Most people work better when there's a standard set for them. Goals are nothing more than self imposed higher standards that we set for ourselves in order to improve. However, more often than not, we fail miserably when we set goals and usually abandon them. Michael Hyatt, who is an internationally known leadership expert, reports the following depressing data on New Year's resolutions and goals:
- 25% of people abandon their New Years' resolutions after one week
- 60% abandon them after 6 months
- The average person makes the same resolution 10 separate times without success
- 95% of those who lose weight, regain it
- Even after a heart attack, only 1 in 7 patients makes any lasting lifestyle changes
Why are we failing? I submit that it's because we're going about it backwards. It's like doctors who prescribe cough medicine to someone with pneumonia. We must go to the core of the problem and then work outwards. If you imagine an apple for this example; instead of us going to the core and dealing with the problem, we are only scratching at the peel and trying to make lasting changes based on "symptoms". That's why we fail - Our brain doesn't make the connection that we're serious because we're not connecting our goals to our inner self. I know, I know, it sounds like psycho mumble jumble, but it's the difference in giving up or sticking with goal.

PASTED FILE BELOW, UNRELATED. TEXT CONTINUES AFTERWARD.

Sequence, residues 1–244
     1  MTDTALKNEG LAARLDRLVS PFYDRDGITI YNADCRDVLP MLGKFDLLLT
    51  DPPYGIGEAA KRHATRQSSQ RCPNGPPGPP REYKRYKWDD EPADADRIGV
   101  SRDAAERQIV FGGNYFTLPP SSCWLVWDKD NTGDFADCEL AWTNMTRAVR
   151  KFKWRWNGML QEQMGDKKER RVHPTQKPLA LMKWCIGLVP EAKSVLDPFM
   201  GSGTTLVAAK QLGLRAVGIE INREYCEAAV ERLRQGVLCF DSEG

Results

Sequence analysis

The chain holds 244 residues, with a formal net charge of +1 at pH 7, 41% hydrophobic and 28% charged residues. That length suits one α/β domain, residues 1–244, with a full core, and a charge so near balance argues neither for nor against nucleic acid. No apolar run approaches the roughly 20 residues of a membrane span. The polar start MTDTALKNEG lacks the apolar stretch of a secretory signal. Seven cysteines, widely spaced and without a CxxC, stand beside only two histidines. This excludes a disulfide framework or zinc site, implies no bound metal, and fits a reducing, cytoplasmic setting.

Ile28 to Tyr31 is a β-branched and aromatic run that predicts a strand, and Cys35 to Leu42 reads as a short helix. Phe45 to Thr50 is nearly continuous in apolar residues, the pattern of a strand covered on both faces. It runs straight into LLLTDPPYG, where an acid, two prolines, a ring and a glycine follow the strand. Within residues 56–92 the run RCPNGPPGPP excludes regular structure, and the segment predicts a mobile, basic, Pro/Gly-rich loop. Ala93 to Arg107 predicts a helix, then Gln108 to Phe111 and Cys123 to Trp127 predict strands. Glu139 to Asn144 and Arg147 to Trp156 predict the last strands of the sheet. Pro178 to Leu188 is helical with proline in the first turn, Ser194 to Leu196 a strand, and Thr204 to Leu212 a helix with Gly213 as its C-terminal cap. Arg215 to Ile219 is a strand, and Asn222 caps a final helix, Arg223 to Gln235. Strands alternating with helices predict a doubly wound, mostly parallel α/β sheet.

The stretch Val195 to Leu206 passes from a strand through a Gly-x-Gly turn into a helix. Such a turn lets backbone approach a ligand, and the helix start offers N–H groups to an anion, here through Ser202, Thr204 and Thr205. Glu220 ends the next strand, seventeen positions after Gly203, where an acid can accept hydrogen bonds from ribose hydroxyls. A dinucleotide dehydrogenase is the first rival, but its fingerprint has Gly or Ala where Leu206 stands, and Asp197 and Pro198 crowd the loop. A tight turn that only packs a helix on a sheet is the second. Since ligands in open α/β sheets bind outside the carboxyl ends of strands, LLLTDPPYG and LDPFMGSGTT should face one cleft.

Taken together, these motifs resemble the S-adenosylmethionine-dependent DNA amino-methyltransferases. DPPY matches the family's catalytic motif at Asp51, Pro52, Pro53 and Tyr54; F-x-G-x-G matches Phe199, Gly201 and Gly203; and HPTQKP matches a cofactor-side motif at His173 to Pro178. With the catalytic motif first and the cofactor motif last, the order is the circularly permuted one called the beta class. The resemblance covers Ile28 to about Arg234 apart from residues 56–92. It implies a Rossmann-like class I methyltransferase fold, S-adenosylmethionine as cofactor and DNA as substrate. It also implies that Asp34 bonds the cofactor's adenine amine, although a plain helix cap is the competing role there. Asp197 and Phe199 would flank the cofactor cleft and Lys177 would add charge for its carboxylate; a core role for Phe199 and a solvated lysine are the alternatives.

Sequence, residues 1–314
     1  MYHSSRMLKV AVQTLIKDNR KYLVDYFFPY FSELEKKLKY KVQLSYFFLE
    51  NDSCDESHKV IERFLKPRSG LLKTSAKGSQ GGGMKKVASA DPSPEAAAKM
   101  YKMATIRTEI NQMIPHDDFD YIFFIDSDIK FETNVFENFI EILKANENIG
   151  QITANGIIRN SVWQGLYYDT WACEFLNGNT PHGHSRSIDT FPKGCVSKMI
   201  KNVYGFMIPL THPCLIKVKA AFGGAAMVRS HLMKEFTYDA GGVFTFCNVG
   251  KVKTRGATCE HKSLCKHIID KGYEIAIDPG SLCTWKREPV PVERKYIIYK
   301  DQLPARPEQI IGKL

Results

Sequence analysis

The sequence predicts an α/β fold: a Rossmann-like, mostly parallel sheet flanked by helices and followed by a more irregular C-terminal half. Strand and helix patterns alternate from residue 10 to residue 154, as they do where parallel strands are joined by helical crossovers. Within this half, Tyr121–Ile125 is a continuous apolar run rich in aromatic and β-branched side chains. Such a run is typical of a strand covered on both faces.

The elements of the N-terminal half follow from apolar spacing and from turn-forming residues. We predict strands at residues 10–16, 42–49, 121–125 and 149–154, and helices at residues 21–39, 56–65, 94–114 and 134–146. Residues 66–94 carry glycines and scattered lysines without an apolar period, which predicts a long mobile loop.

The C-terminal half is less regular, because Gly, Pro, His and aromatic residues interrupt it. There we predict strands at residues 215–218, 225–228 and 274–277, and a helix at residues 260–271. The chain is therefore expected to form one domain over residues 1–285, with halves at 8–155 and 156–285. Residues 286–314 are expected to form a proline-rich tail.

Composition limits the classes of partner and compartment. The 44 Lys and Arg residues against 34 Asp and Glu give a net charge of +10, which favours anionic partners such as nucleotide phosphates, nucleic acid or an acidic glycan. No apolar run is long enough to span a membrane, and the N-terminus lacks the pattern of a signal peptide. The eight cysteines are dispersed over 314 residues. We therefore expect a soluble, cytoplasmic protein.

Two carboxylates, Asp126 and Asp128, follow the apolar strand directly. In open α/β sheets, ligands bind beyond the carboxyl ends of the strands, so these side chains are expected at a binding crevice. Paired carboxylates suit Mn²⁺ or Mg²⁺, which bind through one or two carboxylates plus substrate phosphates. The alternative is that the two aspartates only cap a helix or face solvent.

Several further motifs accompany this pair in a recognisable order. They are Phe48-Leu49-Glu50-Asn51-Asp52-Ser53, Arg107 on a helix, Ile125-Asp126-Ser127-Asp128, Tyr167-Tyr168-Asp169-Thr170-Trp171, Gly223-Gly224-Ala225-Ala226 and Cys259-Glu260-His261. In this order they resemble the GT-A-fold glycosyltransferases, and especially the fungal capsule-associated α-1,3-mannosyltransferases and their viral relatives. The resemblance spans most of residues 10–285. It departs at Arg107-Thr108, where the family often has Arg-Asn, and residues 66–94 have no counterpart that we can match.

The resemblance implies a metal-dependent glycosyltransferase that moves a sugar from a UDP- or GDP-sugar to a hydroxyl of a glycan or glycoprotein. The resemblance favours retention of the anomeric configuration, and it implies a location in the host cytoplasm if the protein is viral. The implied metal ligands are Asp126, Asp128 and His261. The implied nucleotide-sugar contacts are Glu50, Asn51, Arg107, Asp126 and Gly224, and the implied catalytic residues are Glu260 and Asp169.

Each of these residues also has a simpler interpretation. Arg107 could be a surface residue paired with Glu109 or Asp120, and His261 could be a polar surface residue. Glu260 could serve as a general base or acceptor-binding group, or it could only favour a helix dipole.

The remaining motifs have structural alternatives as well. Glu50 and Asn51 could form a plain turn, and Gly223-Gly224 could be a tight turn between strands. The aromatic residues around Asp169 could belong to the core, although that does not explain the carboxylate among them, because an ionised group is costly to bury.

The Army is one of the most successful, large organizations in U.S. history. The way they set goals is very similar to what I'm stating hear. Here's how they do it. Firstly they state their mission:
- The Army’s mission is to fight and win our Nation’s wars by providing prompt, sustained land dominance across the full range of military operations and spectrum of conflict in support of combatant commanders.
Now, the mission is understood so they create tasks (goals) that prepare and train the Army to do their mission. That's called METL or Mission Essential Task Lists. Examples would be:
- Deploy 1 Combat Brigade anywhere in the world within 24 hours
- Deploy 1 Division anywhere in the world within 96 hours
Ok, let's now translate this to everyday people like us. Firstly, state your life mission. The mission should be a list of no more than 5 statements that adequately explain the big picture of your end-state. For example:
- To live a healthy, active lifestyle
- To obtain financial freedom
- To grow spiritually and emotionally
- To gain more knowledge
Those items above aren't your goals. They are your end-state, or where you want to be as 2015 ends next year. To get there, you will have to complete tasks. These tasks are your goals. Each goal you develop must be directly related to one of your mission statements. Here are goal examples and how to connect the dots:
- Lose 50 pounds in 2015 by losing 1 pound per week ( linked to #1 above)
- Read 12 self improvement books (linked to #4)
- Spend time daily in your book of faith (linked to #3)
- Save 10% of everything you earn (linked to #2)
In summary, the key is to remember why you're setting goals. It's to perform your life mission which, once realized, shouldn't change from year to year. The goals are just necessary steps to get you to where you want to be.